Salt Lake City, Utah (CNN) -- Ronnie Lee Gardner, who is set to die next week before Utah's firing squad, said something Thursday he didn't plan to: He supports capital punishment.
But, Gardner told the five-member Utah Board of Pardons and Parole, he thinks the death penalty needs to be "as fair as you can get it."
Testifying at his commutation hearing, Gardner said he accepts responsibility for killing two men and seriously wounding a third. But, he added, executing him on June 18 would not be fair because he's never had the chance to present evidence in court that might have swayed jurors from a death sentence.
Gardner choked up as he said he hasn't been able to apologize to the families of his victims, saying they don't want to hear from him. He did not take that opportunity to apologize to the family members who were in the audience at the hearing.
"It makes me sad," he said, wiping his eyes. "I know killing me is going to hurt them just as bad," he said. "I've been on the other side of the gun. I know."
Now 49, Gardner is scheduled to be executed June 18 by firing squad for the murder of attorney Michael Burdell during an escape attempt at a Salt Lake City courthouse.
Gardner, who had a long history of violence and escape, was at the courthouse on April 2, 1985, for a pretrial hearing in the 1984 slaying of Melvyn Otterstrom. He was killed at the Salt Lake City bar where he was working to earn extra money.
An acquaintance handed Gardner a gun at the courthouse; he fatally shot Burdell, who was there for another case, and shot and wounded bailiff Nick Kirk.
Friends and relatives of his victims were split Thursday on whether Gardner deserves to die.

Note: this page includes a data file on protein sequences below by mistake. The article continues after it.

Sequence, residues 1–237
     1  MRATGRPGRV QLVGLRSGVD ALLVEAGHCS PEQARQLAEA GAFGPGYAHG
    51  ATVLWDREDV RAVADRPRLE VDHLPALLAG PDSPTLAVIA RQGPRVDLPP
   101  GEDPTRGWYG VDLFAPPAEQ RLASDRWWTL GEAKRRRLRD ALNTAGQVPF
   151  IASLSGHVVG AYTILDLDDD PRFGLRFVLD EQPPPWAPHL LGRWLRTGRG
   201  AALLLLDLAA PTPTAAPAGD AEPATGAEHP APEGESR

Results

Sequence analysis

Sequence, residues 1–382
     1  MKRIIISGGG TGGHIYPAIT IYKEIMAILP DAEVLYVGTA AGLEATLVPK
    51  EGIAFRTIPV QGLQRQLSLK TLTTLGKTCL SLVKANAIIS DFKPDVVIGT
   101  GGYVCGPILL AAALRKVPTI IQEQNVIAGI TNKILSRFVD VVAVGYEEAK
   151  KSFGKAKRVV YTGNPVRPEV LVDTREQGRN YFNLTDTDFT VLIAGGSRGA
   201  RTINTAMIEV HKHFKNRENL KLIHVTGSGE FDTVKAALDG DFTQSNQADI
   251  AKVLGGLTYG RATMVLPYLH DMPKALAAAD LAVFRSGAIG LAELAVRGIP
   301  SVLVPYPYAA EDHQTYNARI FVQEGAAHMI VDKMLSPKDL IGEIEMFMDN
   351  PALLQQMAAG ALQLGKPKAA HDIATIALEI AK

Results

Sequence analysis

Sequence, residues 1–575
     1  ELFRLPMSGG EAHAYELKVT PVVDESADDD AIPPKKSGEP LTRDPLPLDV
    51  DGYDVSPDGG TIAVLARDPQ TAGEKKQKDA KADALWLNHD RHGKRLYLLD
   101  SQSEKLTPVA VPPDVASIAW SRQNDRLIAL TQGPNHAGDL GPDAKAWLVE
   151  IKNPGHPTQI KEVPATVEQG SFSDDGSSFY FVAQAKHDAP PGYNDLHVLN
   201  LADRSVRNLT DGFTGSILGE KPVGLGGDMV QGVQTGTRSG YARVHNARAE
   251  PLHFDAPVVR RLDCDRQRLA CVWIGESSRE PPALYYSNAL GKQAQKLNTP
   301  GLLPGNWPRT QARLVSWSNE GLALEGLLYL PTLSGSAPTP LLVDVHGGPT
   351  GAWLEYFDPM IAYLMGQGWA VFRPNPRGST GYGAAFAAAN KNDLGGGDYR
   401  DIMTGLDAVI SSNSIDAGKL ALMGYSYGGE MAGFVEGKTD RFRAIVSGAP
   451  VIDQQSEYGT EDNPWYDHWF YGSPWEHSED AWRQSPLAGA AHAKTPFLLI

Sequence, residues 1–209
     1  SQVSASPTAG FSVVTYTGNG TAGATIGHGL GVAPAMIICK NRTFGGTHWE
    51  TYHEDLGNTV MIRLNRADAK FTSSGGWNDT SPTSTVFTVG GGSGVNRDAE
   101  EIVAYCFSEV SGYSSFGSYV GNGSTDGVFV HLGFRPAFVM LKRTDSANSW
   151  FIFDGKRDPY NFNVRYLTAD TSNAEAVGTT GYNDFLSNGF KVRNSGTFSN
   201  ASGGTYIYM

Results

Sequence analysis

"Michael would not have wanted Ronnie Lee killed," Donna Nu, Burdell's fiancée, tearfully testified. "I'm asking to honor his wishes and commute the sentence to life without parole."
But Craig Watson, Otterstrom's cousin, called for Gardner's execution. He testified that Otterstrom died while Gardner was robbing the Cheers bar, walking away with less than $100.
Gardner fired a gun in Otterstrom's face and "blew his head off," Watson said. "In our minds, he did it just for fun."
Kirk's daughter, Tami Stewart, sobbed as she recalled how her father's shooting resulted in years of pain and five surgeries for him, and left him unable to go fishing and camping -- activities they previously had enjoyed as a family.
"That was the day that ruined my life," her father, who died in 1995, said of the day he was shot, Stewart testified.
Otterstrom's son said he doesn't know what sentence his father's killer should receive.
"I've been told stories of how much my dad loved me, how he was a wonderful father," said Jason Otterstrom, who was 3 when his father was killed. "I will never know. I will never know him."
Otterstrom said he is torn about whether to support the death penalty or life in prison without parole for Gardner. Whatever decision is made, he said, it should be permanent. "Our families need peace. Our families deserve the opportunity to place this action in the past."